Broomball

Broomball is a recreational ice game originating in Canada (also contested as being Swedish) and played in certain other countries. It is played in a hockey rink, either indoors or outdoors, depending on climate and location.[1]

Broomball Ball
A typical broomball ball

In a game of broomball there are two teams, each consisting of six players: a goaltender and five others. The object of the game is to score more goals than the opponent. Goals are scored by hitting the ball into the opponent's net using the broom. Tactics and plays are similar to those used in sports such as ice hockey, roller hockey and floorball.

Players hit a small ball around the ice with a stick called a "broom." The broom may have a wooden or aluminum shaft and has a rubber-molded triangular head similar in shape to that of a regular broom (or, originally, an actual corn broom with the bristles either cut off or covered with tape). Players wear special rubber-soled shoes instead of skates, and the ice is prepared in such a way that it is smooth and dry to improve traction. The ball can differ whether the game is played indoors or outdoors. The indoor ball is smooth while the outdoor ball has ridges and resembles a small soccer ball [1].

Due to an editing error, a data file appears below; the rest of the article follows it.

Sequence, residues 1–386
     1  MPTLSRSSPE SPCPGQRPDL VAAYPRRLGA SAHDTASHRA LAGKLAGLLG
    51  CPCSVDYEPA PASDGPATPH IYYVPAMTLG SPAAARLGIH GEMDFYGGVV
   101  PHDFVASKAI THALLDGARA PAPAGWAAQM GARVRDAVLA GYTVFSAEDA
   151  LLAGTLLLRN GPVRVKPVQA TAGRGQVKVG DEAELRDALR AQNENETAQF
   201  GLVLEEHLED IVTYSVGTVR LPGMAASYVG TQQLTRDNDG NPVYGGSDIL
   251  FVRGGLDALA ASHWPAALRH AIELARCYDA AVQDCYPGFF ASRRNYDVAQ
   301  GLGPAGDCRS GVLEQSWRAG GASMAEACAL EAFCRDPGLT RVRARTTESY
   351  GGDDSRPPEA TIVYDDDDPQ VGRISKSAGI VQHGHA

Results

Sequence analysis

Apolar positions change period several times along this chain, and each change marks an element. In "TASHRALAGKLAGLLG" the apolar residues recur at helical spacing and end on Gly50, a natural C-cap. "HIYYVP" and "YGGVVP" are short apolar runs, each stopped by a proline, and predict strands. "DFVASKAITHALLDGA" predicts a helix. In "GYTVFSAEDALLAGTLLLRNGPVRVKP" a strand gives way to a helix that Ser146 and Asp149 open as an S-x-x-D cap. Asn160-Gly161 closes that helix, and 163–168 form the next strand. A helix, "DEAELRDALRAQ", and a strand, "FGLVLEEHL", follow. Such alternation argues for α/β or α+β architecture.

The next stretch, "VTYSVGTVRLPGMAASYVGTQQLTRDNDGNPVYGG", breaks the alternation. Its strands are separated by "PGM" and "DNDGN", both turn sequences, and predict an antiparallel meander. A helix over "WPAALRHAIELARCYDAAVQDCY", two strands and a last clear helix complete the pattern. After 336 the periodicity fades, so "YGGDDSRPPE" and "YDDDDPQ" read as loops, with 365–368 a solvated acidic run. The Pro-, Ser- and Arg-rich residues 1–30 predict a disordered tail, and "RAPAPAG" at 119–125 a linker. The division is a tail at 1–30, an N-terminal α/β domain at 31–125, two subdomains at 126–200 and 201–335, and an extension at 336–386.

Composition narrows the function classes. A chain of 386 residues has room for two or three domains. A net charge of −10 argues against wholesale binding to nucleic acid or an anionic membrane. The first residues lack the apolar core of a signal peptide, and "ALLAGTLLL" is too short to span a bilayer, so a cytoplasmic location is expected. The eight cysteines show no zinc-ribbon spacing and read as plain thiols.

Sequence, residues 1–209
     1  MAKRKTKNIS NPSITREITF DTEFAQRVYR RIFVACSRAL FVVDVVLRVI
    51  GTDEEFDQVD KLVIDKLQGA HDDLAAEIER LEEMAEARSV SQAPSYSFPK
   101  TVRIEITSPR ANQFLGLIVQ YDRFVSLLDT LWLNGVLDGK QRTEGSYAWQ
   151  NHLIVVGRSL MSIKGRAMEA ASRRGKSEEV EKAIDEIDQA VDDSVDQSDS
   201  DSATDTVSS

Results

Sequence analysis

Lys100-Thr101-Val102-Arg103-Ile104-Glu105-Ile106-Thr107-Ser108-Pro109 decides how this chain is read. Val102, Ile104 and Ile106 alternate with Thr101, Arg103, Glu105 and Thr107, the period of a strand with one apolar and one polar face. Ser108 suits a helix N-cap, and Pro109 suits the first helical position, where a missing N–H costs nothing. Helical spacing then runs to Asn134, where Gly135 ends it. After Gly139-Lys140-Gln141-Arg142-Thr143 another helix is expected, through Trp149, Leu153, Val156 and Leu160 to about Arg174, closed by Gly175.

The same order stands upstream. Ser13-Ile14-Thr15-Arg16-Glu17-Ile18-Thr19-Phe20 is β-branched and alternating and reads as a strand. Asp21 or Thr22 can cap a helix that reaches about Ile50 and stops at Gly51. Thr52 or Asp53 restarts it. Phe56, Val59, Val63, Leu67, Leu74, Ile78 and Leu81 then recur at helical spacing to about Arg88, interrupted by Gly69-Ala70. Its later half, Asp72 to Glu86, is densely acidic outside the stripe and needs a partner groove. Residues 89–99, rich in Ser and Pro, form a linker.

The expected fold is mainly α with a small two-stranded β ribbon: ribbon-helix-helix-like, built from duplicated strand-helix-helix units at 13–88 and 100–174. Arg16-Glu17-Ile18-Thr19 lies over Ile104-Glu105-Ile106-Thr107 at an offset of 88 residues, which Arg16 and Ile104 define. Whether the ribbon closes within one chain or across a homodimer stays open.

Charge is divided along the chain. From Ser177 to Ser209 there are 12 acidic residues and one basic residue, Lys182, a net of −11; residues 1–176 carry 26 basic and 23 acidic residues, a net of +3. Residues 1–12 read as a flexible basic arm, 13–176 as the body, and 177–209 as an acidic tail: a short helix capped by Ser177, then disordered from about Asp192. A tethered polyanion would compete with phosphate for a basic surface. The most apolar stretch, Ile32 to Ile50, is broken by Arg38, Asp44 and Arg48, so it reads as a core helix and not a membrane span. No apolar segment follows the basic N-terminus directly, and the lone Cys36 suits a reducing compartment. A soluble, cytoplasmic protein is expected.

BroomballFaceoff
A game of broomball begins with a face-off

Gameplay

LCBGW action 2013
Game action.

A typical game of broomball is broken up into two or three periods. Each team has a goaltender plus five other players, typically two defenders and three attackers (two forwards and one center). If the ice surface is especially small, some leagues use fewer players on the ice.